This post was written by guest author Sara Snyder, Webmaster at the Archives of American Art.
Have you ever tried to write or edit a Wikipedia article? It can be really a fun and rewarding experience, especially for library, archives, or museum professionals, since we are often passionately dedicated to sharing knowledge. If you have tried it, then you already know that it is not easy for newcomers to just jump in and start editing. The design of the wiki interface can be intimidating, and the norms and rules of the Wikipedia online community can be mystifying. New editors often have their work changed or reverted, which frustrates them.
Although I wrote my first Wikipedia article over six years ago, only recently did I started feeling confident and welcome enough to begin contributing on a regular basis. The reason for my new attitude? I met some awesome Wikipedia editors in real life who taught me the intricacies of the medium. They looked over my shoulder, answered my questions, and reminded me that my contributions and expertise as an archivist are valued by the Wikipedia community. They also introduced me to WikiProject GLAM, a global movement where librarians, archivists, and museum folks are working with Wikipedia for mutual benefit.
In-person connections and support make a huge difference when you are learning to edit Wikipedia. More/better contributors means a higher quality encyclopedia, which ultimately benefits the hundreds of millions (you read that number right) of researchers, students, and lifelong learners who visit it every month. That is why I am proud to say that the Smithsonian has emerged as a leader in facilitating connections between librarians, archivists, and museum professionals and the Wikipedia community.
The latest example: on October 12, 2012, the Smithsonian hosted its fifth and largest Wikipedia workshop and edit-a-thon to date (an edit-a-thon is when a group gathers in person to work on Wikipedia articles). Staff from across the Smithsonian worked with local Wikimedia volunteers to organize a daylong event, “Backstage at the Smithsonian Libraries.” Around 40 people–a fairly even mix of Smithsonian staff and non-staff– gathered in the main library in the National Museum of Natural History. The Smithsonian Institution Libraries and the Wikimedia DC chapter generously provided food and drinks to keep the volunteers energized. Wikimedia expert Jim Hayes introduced the crowd to the idea behind Wikipedia Loves Libraries, an annual continent-wide campaign to improve Wikimedia engagement with libraries (and archives), of which our event was a part. He also gave an overview of issues related to conflict of interest, notability, and how to cite reliable sources in Wikipedia. I followed Jim by presenting my own tutorial for new editors, a practical, hands-on effort to build confidence and familiarize my professional peers with the standards and best practices of contributing to Wikipedia.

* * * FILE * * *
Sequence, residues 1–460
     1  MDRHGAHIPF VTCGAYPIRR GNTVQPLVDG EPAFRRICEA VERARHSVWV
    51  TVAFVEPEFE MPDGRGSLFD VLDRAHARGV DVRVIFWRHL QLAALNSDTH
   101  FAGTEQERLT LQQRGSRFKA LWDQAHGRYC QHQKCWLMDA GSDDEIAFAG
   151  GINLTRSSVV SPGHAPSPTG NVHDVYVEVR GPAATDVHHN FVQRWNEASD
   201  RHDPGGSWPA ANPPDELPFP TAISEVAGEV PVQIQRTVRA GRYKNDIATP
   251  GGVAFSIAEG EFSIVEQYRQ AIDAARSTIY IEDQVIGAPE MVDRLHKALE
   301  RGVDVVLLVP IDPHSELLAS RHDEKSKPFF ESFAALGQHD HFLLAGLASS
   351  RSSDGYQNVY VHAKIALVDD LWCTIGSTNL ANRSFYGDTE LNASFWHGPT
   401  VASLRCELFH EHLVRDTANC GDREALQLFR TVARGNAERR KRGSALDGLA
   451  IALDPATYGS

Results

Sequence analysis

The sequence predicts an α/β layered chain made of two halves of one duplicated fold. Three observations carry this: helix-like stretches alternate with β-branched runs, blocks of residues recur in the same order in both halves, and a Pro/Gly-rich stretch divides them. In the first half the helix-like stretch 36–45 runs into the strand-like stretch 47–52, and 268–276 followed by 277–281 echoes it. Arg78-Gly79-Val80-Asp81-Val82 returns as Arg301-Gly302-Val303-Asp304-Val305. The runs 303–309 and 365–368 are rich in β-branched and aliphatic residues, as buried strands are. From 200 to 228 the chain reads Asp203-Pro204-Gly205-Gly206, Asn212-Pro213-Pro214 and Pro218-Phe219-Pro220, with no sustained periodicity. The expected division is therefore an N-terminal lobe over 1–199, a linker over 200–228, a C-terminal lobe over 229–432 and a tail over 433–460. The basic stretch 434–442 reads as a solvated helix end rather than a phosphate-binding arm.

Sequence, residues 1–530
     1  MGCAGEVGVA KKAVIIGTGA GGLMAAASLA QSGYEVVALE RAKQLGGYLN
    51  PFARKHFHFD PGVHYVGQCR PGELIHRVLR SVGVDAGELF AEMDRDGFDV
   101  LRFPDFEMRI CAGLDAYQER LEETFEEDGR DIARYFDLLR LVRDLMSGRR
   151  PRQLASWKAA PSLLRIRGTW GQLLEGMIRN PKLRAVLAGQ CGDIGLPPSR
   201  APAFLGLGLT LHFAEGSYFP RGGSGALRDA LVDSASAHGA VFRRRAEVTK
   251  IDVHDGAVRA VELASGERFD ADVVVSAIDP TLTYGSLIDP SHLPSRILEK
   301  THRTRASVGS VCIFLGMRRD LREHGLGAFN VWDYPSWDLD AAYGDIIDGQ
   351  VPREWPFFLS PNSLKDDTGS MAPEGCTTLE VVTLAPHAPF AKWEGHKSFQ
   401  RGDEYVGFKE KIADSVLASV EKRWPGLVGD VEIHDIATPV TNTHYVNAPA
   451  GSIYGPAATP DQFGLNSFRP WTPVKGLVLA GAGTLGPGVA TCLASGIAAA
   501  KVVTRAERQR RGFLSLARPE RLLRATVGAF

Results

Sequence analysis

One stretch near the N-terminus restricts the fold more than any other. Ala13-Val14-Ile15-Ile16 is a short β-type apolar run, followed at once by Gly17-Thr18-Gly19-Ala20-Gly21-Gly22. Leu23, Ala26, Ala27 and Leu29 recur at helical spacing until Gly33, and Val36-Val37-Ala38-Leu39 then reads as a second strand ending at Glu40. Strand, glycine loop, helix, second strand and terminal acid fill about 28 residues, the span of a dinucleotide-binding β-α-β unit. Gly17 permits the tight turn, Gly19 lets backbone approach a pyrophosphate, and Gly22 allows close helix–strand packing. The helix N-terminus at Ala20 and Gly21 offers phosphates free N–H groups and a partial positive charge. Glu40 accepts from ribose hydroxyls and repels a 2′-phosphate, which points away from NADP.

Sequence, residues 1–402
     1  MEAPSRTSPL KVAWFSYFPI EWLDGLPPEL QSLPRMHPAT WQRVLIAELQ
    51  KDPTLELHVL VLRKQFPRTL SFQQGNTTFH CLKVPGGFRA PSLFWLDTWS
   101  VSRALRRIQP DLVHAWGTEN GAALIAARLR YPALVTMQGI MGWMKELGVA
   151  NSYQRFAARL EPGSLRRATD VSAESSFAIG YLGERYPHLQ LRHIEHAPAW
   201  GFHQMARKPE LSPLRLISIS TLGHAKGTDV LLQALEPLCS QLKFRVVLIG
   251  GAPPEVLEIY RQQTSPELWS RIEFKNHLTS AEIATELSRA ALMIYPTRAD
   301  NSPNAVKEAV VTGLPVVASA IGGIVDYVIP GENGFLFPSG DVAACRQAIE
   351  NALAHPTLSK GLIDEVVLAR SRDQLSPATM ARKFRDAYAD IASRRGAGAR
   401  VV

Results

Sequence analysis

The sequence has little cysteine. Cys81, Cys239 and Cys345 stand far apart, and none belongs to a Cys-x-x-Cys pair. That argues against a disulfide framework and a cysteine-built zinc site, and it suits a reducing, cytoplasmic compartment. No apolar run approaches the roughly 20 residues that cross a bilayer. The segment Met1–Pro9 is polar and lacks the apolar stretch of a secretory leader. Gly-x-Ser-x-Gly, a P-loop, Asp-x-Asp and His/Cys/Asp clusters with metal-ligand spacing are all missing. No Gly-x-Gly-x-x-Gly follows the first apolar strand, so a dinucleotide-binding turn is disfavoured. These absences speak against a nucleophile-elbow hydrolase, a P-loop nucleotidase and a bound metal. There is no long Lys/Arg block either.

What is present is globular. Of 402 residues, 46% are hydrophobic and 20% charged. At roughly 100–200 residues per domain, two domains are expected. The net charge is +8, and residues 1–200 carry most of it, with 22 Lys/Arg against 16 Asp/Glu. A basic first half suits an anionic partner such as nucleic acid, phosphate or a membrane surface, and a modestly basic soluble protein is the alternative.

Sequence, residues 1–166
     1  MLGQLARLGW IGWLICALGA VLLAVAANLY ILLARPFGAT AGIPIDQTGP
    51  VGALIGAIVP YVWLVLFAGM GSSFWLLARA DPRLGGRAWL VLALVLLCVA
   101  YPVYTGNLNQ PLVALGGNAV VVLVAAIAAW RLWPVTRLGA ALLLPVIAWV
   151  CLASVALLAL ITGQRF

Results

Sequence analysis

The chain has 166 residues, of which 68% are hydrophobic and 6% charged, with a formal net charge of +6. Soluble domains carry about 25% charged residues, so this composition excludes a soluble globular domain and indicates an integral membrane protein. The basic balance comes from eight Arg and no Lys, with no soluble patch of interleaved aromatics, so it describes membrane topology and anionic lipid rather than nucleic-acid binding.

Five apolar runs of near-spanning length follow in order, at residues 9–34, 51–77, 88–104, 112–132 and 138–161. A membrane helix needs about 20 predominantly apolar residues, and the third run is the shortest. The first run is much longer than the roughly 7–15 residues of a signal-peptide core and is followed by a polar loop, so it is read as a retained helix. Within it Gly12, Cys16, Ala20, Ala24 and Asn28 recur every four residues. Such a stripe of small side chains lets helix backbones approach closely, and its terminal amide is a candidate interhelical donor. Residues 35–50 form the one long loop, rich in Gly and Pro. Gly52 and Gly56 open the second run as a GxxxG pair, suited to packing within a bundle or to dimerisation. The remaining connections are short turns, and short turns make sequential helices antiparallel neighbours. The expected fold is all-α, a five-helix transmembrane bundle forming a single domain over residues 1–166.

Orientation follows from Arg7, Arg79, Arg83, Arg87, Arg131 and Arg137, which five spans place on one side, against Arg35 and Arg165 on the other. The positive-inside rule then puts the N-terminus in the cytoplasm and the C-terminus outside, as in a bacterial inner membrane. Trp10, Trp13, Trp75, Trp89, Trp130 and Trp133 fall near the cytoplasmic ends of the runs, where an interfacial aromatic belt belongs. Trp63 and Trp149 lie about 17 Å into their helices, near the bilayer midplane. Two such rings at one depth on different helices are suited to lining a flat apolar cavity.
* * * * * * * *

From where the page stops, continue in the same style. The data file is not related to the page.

Other highlights included a series of “Backstage Tours,” visits to areas of the libraries and museum normally off limits to the casual visitor, and an afternoon edit-a-thon, where people could choose to work on whatever articles or topics they found most attractive (we offered a to-do list for inspiration). The results of the day included at least seven new user accounts registered, four new articles published (with a few more pending), edits or improvements to at least 34 existing articles, and 20 new contributions of media to the Wikimedia Commons.
It was an amazing day, a great learning opportunity, and a thousand times more fun than editing Wikipedia at home, alone, in one’s pajamas. OK, well, that is actually pretty fun too.
- View the story “Wikipedia Loves Smithsonian Libraries” on Storify
- Learn more about the History of the Smithsonian’s collaboration with Wikipedia
- Explore other collaborative projects and institutional case studies in the GLAM-Wiki US portal and blog
Great article Sarah. I’ve often wondered what it would be like to write a Wikipedia article and your article gave me a sense of the experience. I’m astounded that there are hundreds of millions of visitors to Wikipedia. Hats off to Smithsonian for its leadership in this field. This is such a fascinating area of research. I have used Wikipedia frequently while preparing my website Music Theory Online often just for clarification on some of the finer points theory.
Thanks again Sarah, I found your article extremely interesting. I hope you don’t mind if I send some traffic your way and share some of my colleagues and friends.
I visit Wikipedia every day, and really appreciate the high quality content I find there. Thanks for your contributions! Thank goodness Wikipedia isn’t infected with bias and sloppiness and just plain garbage like much of the internet!
[…] report about the recent Smithsonian edit-a-thon: [https://blog.library.si.edu/2012/10/editing-wikipedia-better-with-friends-and-best-with-librarians/ Editing Wikipedia: Better with friends, and best with librarians!” also by Sara […]
Thank you for sharing this blog! Just what I’ve been searching for. Great info!
[…] pouvez lire davantage à propos du récent edit-a-thon du Smithsonian : Editing Wikipedia: Better with friends, and best with librarians! également par Sara […]
[…] for volunteers. Recently, the Archives of American Art and Smithsonian American Art Museum held a volunteer “edit-a-thon” to increase the representation of women artists on Wikipedia. Volunteers for the National Postal […]
Unfortunately, Wikipedia is infected with bias. That is why I always suggest going directly to the source. If you see information in an article you want to take as fact, scroll to the bottom of the page under the reference section and read the source of the information. You can then determine if the information in the Wikipedia article is fact or crap.